Monday, March 9, 2015

When Is Enough Enough?

Revising and editing a manuscript is all part of the writing process. Many writers, myself included, do multiple drafts of a novel stopping only when we're convinced we've written the best book we can. That's not to say an editor isn't going to request changes/revisions before the book goes to publication. That's a given and it helps make a good book great.

All writers want to submit the best book possible to their publisher, but there has to be a point in which the author believes the book is strong enough, well written enough to submit to that publisher or an agent.

The problem many writers have is letting a project go. We can revise a manuscript forever and in the process, edit the life right out of the story. I once knew a writer who revised her first chapter for months. She felt she couldn't move forward with the story until the first chapter was perfect. While there's nothing wrong with revising your work as you write it, but after 18 months that writer still had nothing written of her story except that first chapter. Her revisions became nothing more than changing a word here and there and then changing it back again.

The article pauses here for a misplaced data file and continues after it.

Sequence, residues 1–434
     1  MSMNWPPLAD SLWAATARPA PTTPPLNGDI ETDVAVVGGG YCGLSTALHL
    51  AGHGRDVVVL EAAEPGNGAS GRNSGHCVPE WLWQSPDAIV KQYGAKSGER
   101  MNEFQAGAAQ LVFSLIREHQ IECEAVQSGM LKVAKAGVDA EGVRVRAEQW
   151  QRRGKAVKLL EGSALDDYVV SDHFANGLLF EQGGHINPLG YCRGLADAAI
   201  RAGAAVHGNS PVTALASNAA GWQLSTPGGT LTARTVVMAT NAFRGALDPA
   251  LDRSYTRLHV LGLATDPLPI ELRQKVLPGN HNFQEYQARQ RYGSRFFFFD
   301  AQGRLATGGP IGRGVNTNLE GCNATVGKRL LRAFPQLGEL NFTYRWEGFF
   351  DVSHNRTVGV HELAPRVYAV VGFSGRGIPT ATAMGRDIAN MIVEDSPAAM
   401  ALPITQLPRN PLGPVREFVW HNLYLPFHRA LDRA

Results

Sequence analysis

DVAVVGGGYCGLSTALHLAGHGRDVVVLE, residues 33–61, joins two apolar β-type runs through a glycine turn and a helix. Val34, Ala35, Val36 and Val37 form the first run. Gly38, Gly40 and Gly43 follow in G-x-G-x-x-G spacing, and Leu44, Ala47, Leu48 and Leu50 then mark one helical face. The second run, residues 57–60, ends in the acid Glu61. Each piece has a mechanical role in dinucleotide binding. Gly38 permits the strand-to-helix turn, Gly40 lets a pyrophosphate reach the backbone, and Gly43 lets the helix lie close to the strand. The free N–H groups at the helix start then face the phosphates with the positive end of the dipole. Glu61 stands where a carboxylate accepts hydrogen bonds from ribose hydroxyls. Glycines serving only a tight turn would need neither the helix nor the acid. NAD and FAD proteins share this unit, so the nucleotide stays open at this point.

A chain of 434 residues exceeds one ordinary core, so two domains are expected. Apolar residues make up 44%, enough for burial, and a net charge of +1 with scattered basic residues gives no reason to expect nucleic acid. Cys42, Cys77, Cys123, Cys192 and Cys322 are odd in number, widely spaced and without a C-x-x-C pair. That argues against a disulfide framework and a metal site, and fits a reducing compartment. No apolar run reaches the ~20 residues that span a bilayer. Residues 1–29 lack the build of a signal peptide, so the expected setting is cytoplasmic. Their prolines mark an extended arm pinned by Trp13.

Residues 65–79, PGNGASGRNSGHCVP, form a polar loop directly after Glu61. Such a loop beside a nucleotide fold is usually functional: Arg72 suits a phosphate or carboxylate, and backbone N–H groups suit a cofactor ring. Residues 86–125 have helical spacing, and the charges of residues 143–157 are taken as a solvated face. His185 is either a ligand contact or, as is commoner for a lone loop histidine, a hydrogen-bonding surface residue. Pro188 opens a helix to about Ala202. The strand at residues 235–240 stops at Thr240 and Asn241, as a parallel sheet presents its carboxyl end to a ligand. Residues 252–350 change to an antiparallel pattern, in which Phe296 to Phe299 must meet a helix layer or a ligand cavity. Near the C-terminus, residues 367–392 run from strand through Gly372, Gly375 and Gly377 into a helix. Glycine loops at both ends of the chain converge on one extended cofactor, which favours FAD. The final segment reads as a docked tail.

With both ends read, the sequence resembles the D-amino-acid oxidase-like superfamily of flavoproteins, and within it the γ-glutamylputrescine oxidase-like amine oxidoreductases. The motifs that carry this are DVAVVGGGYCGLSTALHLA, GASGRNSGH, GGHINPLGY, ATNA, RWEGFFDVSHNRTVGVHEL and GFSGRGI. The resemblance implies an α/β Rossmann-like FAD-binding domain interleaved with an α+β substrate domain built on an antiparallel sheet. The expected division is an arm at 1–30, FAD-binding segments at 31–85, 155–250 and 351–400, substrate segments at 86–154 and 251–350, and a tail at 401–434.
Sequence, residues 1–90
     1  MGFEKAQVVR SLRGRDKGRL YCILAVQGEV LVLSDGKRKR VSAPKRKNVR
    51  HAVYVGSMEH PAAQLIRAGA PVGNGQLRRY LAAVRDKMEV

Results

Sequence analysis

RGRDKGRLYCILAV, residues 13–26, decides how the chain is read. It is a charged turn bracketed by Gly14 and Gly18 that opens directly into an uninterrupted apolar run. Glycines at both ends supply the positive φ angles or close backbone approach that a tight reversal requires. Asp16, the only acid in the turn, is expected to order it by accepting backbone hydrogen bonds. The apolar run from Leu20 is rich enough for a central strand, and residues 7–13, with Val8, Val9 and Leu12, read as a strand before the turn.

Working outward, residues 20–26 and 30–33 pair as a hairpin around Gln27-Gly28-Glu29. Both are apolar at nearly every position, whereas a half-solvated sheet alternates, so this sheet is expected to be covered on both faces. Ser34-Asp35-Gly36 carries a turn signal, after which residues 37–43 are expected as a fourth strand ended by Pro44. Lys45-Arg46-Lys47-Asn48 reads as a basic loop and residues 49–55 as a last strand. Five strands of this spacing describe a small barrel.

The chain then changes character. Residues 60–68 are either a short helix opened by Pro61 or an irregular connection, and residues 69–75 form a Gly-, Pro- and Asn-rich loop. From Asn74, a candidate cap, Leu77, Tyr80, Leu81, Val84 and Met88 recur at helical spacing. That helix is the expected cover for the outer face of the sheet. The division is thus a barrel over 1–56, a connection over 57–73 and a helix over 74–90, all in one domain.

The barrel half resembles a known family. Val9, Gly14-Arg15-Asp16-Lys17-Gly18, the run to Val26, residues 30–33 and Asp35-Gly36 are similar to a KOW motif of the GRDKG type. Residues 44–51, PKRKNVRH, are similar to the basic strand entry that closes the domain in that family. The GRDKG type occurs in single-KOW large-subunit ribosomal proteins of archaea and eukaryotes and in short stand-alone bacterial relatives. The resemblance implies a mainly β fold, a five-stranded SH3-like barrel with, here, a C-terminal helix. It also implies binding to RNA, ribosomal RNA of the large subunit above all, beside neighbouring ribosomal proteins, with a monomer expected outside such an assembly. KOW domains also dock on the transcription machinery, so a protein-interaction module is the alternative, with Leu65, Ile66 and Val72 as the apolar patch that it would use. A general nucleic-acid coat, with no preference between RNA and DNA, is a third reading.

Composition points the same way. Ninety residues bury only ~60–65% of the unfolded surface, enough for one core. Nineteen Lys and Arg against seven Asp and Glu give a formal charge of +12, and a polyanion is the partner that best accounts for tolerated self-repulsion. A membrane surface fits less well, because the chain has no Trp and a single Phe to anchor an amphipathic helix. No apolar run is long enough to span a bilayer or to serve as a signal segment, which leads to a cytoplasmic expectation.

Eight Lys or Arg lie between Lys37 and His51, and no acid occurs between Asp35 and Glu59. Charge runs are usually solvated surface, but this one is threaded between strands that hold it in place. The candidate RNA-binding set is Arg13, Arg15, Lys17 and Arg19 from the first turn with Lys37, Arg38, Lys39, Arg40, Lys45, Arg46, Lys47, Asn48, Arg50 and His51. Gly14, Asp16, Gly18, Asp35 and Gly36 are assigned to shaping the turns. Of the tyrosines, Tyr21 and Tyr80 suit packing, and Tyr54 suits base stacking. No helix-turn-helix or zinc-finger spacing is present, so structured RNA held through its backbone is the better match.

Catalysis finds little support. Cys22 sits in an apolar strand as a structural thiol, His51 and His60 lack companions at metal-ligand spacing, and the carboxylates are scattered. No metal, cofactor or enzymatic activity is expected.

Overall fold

I believe an author she admired told her a first chapter sells the rest of the story. She was so determined to write the first chapter perfectly that she became paralyzed by it and wasn't able to move forward. I'm not holding her up as an example of what not to do, but to show that all writers have to come to the decision that that last pass of edits and revisions is enough and to know that the draft is the best possible one at the time.

No comments:

Post a Comment